If the report was good, he’d say “Let’s go to dinner!”. If the report was bad, he’d say “maybe we won’t be eating tonight.” No matter what the report said, we’d always have dinner, and the report always ended up in the bin.

 

The point here is that if you’re here to see some short-term numbers, you’re going to be disappointed. Not because the numbers aren’t there or good (if you are a client, you know where to find them, or if you don’t please let me know so I can assist), that’s beside the point. It’s because a great quarterly number now means nothing for your long term future, and frankly, is not what we’re about here at Julius Wealth Advisors.

 

I’m here to help you develop strong, long term habits. I’m here to help you to grow your financial knowledge and to make better decisions. I’m here to help you build long term, sustainable wealth and to achieve your financial goals.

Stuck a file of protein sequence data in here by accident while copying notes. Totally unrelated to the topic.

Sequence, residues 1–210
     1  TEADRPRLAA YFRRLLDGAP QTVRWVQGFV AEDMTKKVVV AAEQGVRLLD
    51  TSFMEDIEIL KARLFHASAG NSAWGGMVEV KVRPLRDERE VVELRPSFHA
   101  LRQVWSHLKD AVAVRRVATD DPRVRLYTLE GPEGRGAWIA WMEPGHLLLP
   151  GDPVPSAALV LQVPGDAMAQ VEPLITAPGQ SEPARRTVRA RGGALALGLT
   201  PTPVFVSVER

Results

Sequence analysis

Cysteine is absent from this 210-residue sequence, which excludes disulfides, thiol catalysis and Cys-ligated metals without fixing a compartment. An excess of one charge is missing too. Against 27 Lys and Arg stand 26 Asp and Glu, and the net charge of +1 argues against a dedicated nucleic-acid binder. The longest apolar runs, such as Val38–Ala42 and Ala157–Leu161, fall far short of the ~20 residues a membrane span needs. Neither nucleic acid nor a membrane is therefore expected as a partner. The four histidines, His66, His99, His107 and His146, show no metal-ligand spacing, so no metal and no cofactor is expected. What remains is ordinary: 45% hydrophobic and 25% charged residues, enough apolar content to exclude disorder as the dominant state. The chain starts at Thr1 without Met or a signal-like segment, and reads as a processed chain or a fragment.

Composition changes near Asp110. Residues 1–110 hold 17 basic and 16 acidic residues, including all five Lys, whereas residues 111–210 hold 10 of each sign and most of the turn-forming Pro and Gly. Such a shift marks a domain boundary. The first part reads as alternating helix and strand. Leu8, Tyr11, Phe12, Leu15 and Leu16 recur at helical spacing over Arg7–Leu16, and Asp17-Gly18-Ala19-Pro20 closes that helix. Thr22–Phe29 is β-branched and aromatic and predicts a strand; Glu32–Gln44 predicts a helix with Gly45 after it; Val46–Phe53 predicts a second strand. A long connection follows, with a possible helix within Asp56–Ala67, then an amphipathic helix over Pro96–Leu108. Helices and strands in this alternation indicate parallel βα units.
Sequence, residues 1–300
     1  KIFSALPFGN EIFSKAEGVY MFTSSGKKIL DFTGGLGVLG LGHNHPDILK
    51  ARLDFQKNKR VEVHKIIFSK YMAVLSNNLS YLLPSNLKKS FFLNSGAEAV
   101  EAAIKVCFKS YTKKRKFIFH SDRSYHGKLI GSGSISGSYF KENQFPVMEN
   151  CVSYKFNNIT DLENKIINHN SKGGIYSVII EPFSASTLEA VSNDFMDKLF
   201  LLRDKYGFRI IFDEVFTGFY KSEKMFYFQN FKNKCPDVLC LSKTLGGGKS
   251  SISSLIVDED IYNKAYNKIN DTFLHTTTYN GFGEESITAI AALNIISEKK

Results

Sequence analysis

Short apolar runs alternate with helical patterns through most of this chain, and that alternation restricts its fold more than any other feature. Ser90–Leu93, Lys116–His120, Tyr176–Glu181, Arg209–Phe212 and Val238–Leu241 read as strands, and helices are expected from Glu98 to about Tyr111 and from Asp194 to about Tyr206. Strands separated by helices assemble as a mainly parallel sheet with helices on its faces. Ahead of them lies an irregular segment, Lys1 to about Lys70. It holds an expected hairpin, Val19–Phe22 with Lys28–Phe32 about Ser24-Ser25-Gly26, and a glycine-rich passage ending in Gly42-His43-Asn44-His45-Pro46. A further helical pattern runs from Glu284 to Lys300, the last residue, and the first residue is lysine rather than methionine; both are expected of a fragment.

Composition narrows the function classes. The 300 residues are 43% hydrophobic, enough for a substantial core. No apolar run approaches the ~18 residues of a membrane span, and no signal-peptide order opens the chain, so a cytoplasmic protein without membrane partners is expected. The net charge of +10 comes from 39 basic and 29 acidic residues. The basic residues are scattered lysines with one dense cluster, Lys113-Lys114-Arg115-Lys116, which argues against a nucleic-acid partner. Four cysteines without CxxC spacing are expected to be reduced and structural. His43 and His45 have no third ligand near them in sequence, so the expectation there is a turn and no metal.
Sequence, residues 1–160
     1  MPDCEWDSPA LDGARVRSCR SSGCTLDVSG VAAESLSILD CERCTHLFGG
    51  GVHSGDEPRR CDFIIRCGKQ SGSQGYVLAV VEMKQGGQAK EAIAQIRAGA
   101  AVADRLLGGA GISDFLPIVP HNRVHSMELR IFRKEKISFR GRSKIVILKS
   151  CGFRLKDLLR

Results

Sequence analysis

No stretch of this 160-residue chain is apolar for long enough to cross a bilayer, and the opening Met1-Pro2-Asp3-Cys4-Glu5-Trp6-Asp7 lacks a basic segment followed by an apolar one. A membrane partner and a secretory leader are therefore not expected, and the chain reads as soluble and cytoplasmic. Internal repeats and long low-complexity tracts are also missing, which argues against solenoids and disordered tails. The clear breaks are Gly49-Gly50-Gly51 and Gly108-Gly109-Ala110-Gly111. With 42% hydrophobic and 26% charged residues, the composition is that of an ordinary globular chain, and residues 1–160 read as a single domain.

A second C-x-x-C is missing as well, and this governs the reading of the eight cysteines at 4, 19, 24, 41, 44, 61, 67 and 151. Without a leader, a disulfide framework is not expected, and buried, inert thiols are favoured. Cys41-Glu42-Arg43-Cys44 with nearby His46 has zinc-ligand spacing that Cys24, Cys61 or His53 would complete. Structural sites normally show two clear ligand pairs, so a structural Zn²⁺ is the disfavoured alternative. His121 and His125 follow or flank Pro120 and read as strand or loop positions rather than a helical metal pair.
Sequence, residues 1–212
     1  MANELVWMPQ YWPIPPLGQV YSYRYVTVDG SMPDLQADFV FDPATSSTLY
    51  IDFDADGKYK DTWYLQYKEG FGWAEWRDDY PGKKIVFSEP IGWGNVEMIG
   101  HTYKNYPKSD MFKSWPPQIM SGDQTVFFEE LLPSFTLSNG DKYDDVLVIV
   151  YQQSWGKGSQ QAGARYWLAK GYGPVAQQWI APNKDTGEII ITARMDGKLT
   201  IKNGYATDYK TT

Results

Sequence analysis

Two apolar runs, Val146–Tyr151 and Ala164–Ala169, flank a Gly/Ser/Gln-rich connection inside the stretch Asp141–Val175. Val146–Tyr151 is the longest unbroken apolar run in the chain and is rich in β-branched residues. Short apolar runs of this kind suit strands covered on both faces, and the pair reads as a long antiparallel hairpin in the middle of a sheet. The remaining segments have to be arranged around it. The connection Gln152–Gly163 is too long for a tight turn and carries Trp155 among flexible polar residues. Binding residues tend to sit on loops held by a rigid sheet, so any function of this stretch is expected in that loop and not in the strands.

Thank you for a better first quarter than I could have prayed for.  If you or someone you know would like to discuss any items in more detail, please feel free to schedule time.

 

Jason Blumstein, CFA®

CEO & Founder

Julius Wealth Advisors, LLC

 

 

 

Disclosures:

 

This piece contains general information that is not suitable for everyone and was prepared for informational purposes only.  Nothing contained herein should be construed as a solicitation to buy or sell any security or as an offer to provide investment advice. Past performance does not guarantee any future results.  For additional information about Julius Wealth Advisors, including its services and fees, contact us or visit advisorinfo.sec.gov.

 

  1. Inflation rose at fastest pace in 40 years in March as consumer prices jumped 8.5% - Paul Davidson, USA Today, 2020.
  2. Balance Sheet of Households and Nonprofit Organizations, 1952 - 2021 - The Federal Reserve, last updated March 10, 2020.
  3. March Jobs Report Shows Strong Gains - New York Times, Originally Published April 1, 2020.
  4. Number of unemployed persons per job opening, seasonally adjusted - U.S Bureau of Labor Statistics